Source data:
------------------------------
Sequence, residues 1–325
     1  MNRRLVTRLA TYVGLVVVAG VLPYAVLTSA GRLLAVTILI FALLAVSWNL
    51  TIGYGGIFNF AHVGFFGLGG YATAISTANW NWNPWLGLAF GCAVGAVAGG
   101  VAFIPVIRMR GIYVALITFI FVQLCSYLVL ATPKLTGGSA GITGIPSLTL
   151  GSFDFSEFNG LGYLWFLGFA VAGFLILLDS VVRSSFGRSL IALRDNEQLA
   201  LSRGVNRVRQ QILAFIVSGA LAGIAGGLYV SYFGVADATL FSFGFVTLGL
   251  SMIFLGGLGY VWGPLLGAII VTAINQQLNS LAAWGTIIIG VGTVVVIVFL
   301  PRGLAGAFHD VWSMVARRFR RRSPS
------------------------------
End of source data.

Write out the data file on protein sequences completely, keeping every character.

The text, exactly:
Sequence, residues 1–325
     1  MNRRLVTRLA TYVGLVVVAG VLPYAVLTSA GRLLAVTILI FALLAVSWNL
    51  TIGYGGIFNF AHVGFFGLGG YATAISTANW NWNPWLGLAF GCAVGAVAGG
   101  VAFIPVIRMR GIYVALITFI FVQLCSYLVL ATPKLTGGSA GITGIPSLTL
   151  GSFDFSEFNG LGYLWFLGFA VAGFLILLDS VVRSSFGRSL IALRDNEQLA
   201  LSRGVNRVRQ QILAFIVSGA LAGIAGGLYV SYFGVADATL FSFGFVTLGL
   251  SMIFLGGLGY VWGPLLGAII VTAINQQLNS LAAWGTIIIG VGTVVVIVFL
   301  PRGLAGAFHD VWSMVARRFR RRSPS